The first thing Lynn did was to build a raging fire in the pit behind the cottage:
He then placed eighteen ears of corn in each bucket, with the silk end facing skywards:
Using a garden hose, he first filled each bucket up to wet the corn and then emptied both buckets so that they each were only about 1/3 full (leaving the corn in the buckets while emptying):
Next, he placed the metal lid on top of each bucket and used a pair of pliers to crimp the lid on. Note that prior to using the lid for the first time, Lynn punctured a single hole in the lid using a screwdriver and hammer. He did this to allow the steam a place to vent:
After sealing both buckets up nice and tight, he placed two steel rails over the fire pit:
He then threw in a few more pieces of wood to make sure the fire was going to be even for both buckets:
Finally, the buckets are placed on the rails:
It took about thirty minutes before you could start to see the steam rising out of the holes in the lids, but once it got going, you could smell the sweet corn fragrance if you were anywhere near the fire. Once the buckets went on the fire, it took exactly ninety minutes until the corn was done. Wait, wait! I can hear your inner monologue right now, gentle reader. I really did say ninety minutes. That seems like an excruciatingly long time to cook an ear of corn, but I have eaten so many wonderful ears of corn done this way that I no longer question the methodology. It just works.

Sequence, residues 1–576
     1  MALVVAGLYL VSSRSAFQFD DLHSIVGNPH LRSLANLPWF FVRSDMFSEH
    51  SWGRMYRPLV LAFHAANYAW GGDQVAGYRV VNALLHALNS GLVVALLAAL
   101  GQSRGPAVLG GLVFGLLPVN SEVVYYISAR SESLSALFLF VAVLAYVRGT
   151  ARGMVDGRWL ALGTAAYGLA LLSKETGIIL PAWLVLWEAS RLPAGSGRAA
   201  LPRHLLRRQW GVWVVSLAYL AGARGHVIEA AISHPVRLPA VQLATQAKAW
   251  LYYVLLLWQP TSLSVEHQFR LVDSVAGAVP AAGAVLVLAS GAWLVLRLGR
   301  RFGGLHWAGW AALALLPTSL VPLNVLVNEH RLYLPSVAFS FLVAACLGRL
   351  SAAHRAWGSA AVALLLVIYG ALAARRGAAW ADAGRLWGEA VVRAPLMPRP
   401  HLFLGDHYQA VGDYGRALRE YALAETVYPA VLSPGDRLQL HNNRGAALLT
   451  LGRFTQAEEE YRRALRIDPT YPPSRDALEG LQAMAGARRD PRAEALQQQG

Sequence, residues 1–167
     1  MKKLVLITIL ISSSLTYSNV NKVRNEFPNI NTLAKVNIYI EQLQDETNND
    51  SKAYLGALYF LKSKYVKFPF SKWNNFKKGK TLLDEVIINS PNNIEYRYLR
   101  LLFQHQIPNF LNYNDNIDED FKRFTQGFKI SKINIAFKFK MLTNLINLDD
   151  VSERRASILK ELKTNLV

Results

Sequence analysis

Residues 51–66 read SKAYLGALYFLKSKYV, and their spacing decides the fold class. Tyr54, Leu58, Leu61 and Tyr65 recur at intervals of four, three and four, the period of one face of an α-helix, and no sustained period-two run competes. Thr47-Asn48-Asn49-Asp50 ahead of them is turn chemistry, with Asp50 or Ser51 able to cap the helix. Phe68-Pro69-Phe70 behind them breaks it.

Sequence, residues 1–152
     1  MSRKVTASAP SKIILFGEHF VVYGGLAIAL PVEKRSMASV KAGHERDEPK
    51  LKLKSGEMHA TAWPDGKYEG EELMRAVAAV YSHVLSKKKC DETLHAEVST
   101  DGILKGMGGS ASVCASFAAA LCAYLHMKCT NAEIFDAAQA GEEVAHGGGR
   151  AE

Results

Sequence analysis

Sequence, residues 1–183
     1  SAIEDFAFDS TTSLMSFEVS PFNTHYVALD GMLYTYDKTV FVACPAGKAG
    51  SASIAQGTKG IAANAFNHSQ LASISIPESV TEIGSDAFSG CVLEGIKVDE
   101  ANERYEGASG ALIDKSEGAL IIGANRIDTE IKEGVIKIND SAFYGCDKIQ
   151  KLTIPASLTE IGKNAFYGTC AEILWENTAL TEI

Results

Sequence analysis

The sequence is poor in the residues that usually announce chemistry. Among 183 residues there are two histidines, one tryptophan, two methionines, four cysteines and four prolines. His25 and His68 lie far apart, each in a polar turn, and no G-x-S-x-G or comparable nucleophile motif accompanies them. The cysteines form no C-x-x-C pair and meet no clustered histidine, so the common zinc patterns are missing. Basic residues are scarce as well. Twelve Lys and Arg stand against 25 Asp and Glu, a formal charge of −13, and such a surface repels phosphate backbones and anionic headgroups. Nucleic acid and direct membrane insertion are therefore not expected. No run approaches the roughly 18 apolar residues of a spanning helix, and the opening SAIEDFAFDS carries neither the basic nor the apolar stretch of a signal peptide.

Towards the end of the cooking time, both buckets were steaming like mad. By filling the buckets 1/3 full of water initially, combined with the long cooking time, there was just enough water left at the end so that the buckets didn't run out before the corn was fully cooked.
Once the corn was fully cooked, Lynn used a flathead screwdriver to pry open the lid:
Using a carefully gloved hand (no need to get a steam burn at this point), he pulled out all of the ears and laid them on one of the stones of the fire pit for an eager and hungry group of family and friends:
Before you can eat the corn, obviously they needed to be husked. To peel, you hold your ear of corn with the silk end facing downwards. Each successive layer of husk is then peeled upwards:
When you have finally peeled back all the layers of the husk, Lynn simply removed all of the silk threads and threw them back into the fire. What you are left with was the perfectly cooked ear of sweet corn:
Not only did the husk protect the corn during the steaming process, but now it served as a handle with which to grab onto while you ate it. There were several condiments available for those who wished to partake. First, there was melted butter: